Croatia to sell struggling shipyard
(ZAGREB) - The Croatian government decided on Thursday to sell the loss-making Brodotrogir shipyard, one of several that the Balkan country has to restructure before joining the European Union next year.
Of the two local bidders "we chose the proposal that ... guarantees that industrial production, production of ships, will continue," Prime Minister Zoran Milanovic said.
A more than 95 percent stake in the wharf, located in the central coastal town of Trogir, will be sold to the Kermas Energija firm for the symbolic price of 1 kuna (0.13 euros, 0.16 dollars).
The shipyard's restructuring cost was estimated at more than five billion kunas (665 million euros, $815 million) of which the state would provide three billion kunas, a government decision said.
Kermes Energija pledged to maintain the wharf's core business, but also build a business-tourism zone and a marina.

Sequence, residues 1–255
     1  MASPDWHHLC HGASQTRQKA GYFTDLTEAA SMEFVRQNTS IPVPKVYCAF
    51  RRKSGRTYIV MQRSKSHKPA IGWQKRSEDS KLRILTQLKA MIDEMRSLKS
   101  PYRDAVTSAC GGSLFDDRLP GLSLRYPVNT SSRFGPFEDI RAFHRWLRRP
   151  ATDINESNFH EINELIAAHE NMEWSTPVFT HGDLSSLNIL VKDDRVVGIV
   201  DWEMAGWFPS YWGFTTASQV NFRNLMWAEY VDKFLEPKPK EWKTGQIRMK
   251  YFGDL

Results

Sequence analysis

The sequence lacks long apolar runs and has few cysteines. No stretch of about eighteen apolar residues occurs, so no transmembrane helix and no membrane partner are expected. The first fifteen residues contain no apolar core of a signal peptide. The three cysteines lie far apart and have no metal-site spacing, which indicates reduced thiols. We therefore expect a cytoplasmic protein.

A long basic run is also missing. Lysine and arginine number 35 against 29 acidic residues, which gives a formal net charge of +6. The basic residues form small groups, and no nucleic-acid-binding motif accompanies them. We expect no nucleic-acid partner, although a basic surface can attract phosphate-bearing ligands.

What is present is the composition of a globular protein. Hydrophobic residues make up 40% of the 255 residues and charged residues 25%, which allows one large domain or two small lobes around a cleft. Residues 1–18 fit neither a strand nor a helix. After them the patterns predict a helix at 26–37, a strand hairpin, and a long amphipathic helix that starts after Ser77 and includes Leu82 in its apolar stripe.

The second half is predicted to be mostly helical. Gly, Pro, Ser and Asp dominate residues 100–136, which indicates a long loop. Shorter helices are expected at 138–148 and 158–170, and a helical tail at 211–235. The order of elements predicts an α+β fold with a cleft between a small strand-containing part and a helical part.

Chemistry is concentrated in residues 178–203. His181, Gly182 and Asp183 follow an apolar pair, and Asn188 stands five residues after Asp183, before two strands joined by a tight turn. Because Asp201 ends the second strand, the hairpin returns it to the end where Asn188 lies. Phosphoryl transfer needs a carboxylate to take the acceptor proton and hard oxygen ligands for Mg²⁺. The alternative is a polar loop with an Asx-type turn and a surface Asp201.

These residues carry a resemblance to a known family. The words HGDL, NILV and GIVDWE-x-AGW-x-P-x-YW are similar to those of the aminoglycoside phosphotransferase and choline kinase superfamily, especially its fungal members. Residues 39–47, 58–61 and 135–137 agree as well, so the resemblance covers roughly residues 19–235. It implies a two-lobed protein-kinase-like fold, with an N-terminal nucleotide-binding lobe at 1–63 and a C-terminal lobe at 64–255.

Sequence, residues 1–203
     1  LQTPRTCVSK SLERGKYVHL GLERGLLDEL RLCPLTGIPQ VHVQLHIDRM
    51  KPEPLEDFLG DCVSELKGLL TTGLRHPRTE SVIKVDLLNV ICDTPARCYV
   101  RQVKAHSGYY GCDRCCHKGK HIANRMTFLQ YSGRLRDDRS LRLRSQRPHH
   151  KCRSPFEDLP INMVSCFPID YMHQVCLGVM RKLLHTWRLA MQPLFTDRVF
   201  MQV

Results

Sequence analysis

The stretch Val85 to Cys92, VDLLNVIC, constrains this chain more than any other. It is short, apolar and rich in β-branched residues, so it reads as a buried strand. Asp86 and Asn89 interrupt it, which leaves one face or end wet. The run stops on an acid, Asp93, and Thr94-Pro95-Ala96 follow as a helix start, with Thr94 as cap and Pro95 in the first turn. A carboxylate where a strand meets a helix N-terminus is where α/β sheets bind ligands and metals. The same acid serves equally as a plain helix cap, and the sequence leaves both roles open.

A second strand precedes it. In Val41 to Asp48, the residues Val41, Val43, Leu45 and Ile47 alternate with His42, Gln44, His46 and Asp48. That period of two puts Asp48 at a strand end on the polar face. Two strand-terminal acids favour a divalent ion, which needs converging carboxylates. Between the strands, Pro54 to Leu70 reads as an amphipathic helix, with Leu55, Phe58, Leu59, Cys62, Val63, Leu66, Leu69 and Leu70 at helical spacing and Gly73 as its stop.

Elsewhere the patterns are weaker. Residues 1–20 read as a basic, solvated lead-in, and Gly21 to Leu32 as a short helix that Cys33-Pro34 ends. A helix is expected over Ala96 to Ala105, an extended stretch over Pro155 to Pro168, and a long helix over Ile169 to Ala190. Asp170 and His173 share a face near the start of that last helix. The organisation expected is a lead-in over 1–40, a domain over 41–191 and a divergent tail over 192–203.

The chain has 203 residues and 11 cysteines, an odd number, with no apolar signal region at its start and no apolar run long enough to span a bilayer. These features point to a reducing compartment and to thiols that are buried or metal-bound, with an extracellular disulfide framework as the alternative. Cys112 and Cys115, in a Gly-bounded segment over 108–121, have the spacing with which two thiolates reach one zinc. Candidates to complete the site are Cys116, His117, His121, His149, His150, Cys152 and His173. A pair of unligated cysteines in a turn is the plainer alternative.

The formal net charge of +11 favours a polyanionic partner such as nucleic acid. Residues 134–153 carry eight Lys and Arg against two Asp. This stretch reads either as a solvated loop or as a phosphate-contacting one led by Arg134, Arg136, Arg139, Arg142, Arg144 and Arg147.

Restructuring its heavily subsidised shipyards is a key issue Croatia must resolve before entering the 27-nation bloc in July 2013.
Of Croatia's five state-run shipyards, one -- Kraljevica -- has filed for bankruptcy and earlier this year the government decided to sell the largest, Brodosplit, to local company DIV.
At Uljanik, the only wharf that actually turns a profit, the government set up a scheme for employees to buy its shares.
Croatian shipyards employ over 10,000 people but are estimated to have accumulated losses amounting to some 3.7 billion euros during the past 20 years.
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